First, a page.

The MID has an alternate translation in Hebrew that has been validated. Other translations that have not been individually validated include Spanish, Italian, French, German, Finnish, Norwegian, and Chinese.

The DDIS has alternate translations in Spanish, Portuguese, Chinese, and Turkish.

The SCID-D has alternate translations in German, Dutch, and Turkish.

The Adolescent Dissociative Experiences Scale and the Questionnaire of Experiences in Dissociation also have Spanish translations. The Adolescent Dissociative Experiences Scale and the Dissociation Questionnaire also have Swedish translations. The Somatoform Dissociation Questionnaire has translations in Turkish, French, Portuguese, Swedish, and German.

Briere, J. (2002). Multiscale Dissociation Inventory. Odessa, Florida: Psychological Assessment Resources.

Briere, J., Weathers, F.W., & Runtz, M. (2005). Is dissociation a multidimensional construct? Data from the Multiscale Dissociation Inventory. Journal of Traumatic Stress, 18, 221-231. doi: 10.1002/jts.20024

Dell, P. F. (2006). The multidimensional inventory of dissociation (MID): A comprehensive measure of pathological dissociation. Journal of Trauma & Dissociation, 7(2), 77-106. doi:10.1300/J229v07n02_06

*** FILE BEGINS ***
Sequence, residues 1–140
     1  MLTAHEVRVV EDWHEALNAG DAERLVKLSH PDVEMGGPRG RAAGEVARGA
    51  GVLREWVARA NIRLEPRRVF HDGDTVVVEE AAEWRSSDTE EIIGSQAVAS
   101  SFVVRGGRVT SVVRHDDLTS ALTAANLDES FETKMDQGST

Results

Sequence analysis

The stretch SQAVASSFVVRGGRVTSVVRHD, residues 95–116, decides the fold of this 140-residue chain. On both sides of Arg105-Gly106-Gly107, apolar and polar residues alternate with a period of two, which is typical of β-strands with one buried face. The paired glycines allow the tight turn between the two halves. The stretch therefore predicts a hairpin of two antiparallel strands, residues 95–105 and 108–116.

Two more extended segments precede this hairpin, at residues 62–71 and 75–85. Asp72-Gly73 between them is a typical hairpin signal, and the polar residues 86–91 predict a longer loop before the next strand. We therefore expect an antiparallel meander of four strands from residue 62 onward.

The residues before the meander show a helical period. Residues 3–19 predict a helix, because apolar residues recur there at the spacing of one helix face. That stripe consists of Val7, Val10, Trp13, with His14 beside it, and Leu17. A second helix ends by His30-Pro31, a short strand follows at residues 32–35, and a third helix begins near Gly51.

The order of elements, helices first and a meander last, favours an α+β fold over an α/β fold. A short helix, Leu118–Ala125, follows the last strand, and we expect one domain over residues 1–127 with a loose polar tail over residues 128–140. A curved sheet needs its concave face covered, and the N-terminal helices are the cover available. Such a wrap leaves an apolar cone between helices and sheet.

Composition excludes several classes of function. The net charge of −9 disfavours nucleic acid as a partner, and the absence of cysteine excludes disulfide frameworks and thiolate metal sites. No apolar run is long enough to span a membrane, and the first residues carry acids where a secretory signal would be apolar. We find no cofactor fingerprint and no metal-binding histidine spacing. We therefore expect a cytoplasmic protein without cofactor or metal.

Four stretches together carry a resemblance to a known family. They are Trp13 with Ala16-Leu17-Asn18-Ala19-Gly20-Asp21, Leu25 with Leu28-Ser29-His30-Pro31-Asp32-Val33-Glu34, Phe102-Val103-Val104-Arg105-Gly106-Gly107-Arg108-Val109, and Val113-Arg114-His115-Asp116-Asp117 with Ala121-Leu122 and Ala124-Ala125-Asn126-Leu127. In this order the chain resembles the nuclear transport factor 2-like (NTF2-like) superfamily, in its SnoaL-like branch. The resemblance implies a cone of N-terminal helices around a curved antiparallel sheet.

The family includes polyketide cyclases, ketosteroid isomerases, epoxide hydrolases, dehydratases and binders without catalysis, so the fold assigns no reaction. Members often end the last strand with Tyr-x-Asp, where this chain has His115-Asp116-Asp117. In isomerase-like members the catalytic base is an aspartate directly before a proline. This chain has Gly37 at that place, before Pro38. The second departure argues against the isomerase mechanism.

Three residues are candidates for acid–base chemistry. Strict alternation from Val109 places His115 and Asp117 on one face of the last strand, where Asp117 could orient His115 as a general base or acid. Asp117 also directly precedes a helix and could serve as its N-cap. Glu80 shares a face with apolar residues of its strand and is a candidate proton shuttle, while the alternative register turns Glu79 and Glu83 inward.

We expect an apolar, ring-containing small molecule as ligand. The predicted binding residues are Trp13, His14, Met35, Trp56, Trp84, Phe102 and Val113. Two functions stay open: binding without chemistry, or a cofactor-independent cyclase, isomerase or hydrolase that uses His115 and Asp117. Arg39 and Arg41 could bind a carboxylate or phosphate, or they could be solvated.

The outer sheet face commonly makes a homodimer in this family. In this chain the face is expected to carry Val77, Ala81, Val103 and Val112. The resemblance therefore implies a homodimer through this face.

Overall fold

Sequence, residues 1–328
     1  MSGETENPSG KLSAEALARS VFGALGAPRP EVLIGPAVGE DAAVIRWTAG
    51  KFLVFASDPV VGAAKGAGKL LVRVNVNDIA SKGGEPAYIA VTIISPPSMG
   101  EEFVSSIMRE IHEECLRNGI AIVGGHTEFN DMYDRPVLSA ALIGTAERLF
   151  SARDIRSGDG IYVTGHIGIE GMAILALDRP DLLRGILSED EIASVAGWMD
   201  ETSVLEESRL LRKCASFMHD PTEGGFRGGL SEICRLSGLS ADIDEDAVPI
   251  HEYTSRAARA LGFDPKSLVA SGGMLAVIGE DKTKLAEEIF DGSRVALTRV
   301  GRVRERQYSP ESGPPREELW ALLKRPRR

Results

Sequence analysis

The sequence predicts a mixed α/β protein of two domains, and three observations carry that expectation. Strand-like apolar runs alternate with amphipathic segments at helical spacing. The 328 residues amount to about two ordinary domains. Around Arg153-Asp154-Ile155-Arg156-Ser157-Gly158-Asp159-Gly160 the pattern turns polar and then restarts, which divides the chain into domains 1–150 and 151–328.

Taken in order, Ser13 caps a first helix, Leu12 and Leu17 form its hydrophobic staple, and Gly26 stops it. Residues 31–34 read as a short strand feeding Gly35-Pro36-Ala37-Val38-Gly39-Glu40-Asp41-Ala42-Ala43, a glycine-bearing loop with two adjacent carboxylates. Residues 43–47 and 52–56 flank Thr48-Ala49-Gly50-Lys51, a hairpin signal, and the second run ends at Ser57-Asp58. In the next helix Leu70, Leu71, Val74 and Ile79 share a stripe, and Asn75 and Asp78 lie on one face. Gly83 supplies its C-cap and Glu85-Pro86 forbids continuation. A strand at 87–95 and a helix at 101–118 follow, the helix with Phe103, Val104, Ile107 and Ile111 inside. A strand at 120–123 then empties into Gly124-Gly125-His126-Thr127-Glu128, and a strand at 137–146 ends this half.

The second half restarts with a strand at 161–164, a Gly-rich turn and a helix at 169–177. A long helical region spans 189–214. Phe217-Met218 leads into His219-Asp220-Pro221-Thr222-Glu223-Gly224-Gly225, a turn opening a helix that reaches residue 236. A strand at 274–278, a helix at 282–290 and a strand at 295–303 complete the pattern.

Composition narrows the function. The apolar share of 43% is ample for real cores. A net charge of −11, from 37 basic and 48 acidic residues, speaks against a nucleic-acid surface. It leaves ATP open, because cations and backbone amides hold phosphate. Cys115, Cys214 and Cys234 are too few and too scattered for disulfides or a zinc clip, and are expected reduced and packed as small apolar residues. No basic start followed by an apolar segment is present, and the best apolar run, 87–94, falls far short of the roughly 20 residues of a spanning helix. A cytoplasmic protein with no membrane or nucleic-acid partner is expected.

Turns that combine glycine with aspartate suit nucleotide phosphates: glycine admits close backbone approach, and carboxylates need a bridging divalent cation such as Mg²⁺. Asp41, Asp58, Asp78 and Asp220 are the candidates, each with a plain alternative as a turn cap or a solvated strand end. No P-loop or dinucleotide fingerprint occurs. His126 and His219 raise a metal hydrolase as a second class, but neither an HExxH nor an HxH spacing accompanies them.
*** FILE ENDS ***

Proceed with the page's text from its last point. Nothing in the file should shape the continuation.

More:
Hall, P., & Steinberg, M. (1994). Systematic assessment of dissociative symptoms and disorders using the SCID-D in a clinical outpatient setting: Three cases. Dissociation, 7(2), 112-116.

Kate, M. A., Jamieson, G., Dorahy, M. J., & Middleton, W. (2021). Measuring Dissociative Symptoms and Experiences in an Australian College Sample Using a Short Version of the Multidimensional Inventory of Dissociation. Journal of Trauma & Dissociation, 22(3), 265-287. doi: 10.1080/15299732.2020.1792024

Ross, C. A., Heber, S., Norton, R. G., Anderson, D., Anderson, G., & Barchet, P. (1989). The dissociative disorders interview schedule: A structured interview. Dissociation, 2(3), 169-189.

Steinberg, M. (2013). In-depth: Understanding dissociative disorders. Psych Central. Retrieved from http://psychcentral.com/lib/in-depth-understanding-dissociative-disorders/0001377

Van Ijzendoorn, M. H., & Schuengel, C. (1996). The measurement of dissociation in normal and clinical populations: Meta-analytic validation of the Dissociative Experiences Scale (DES) [Abstract]. Clinical Psychology Review, 16(5), 365-382. doi: 10.1016/0272-7358(96)00006-2

It took me over seven years to get diagnosed. A decade ago, my first psychiatrist didn't believe me, so she diagnosed me with a psychotic disorder NOS. Only after getting hospitalised years later did I finally get the right diagnosis. Unfortunately, this seems to be the norm rather than the exception.